Metlife stock has increased its dividend consistently over the last three years. The last dividend increase came in the first quarter of 2016, where the company boosted its dividend to $0.40 a share from $0.375 in the prior quarter, indicating a 6.7% dividend growth. (Source: “MetLife (MET) Raises Quarterly Dividend 6.7% to $0.40; 3.4% Yield,” Street Insider, April 26, 2016.)
MET stock switched to a quarterly dividend schedule in 2013, and at that point, it increased its quarterly dividend amount by 50%. In 2014, the company hiked its dividend again by another 27% and further raised it by seven percent in 2015.
The dividend hikes have meant that Metlife stock now pays more in dividends than industry leaders such as American International Group Inc (NYSE:AIG) and a host of other insurance companies. AIG has paid a dividend of $0.32 in the last three quarters, working out to an annualized dividend of $1.28 a share.
Separation of Troubled Consumer Business
Metlife is in the process of separating its consumer unit, Brighthouse Financial, a loss-leader business that has been a serious drag on the company’s financial performance. In separating Brighthouse, MET stock is widely expected to favor a spin-off instead of the other options, such as an initial public offering or outright sale. It seems that it would be difficult for Brighthouse to get an attractive buyout offer given its downbeat profile.
Brighthouse exposed Metlife to a $2.0-billion charge in the second quarter of 2016, in relation to annuity loss. (Source: “Annuity Loss Adds to MetLife Drama,” The Wall Street Journal, August, 4, 2016.)
The separation of Brighthouse will not only improve Metlife’s cash flow, but the retail business will also pay its parent between $3.3 billion and $3.8 billion in special dividends. A boost to the cash flow would come in part from the expected $1.0 billion reduction in expenses by 2019. Metlife stock could use the windfall from Brighthouse to resume the repurchase of its shares. The company put stock buybacks on ice pending the breakup of its consumer unit. (Source: “MetLife to Reduce Costs 11%, Cut Jobs as Rates Hurt Returns,” Bloomberg, August 4, 2016.)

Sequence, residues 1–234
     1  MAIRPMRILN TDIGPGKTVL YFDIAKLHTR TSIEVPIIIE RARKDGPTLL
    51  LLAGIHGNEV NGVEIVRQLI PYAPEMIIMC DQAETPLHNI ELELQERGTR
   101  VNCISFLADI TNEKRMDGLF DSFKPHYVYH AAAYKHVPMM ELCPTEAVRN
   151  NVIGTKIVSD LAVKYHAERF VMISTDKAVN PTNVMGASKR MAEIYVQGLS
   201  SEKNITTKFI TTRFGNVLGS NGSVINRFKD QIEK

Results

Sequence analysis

The Future of Dividends for Metlife
Metlife stock conserves a large chunk of its earnings, given that it only funnels about 28% of earnings to dividends. As such, the company’s dividends stream looks stable and the company should enjoy more dividend flexibility as earnings improve amid rising interest rates.
As for the dividend hike, completion of Brighthouse separation could pave the way for a dividend hike as the company will drop certain costs, thus improving free cash flow. Additionally, SIFI reclassification will relax capital requirements for MET stock, paving the way for the company to increase the amount it returns to shareholders in dividends and buybacks.
Metlife is planning to expand its Ireland operations as the company pursues international growth. Success in the international market, combined with reduction of risks and expenses due to the separation of the domestic consumer unit, should boost earnings for Metlife stock, potentially leading to higher dividends.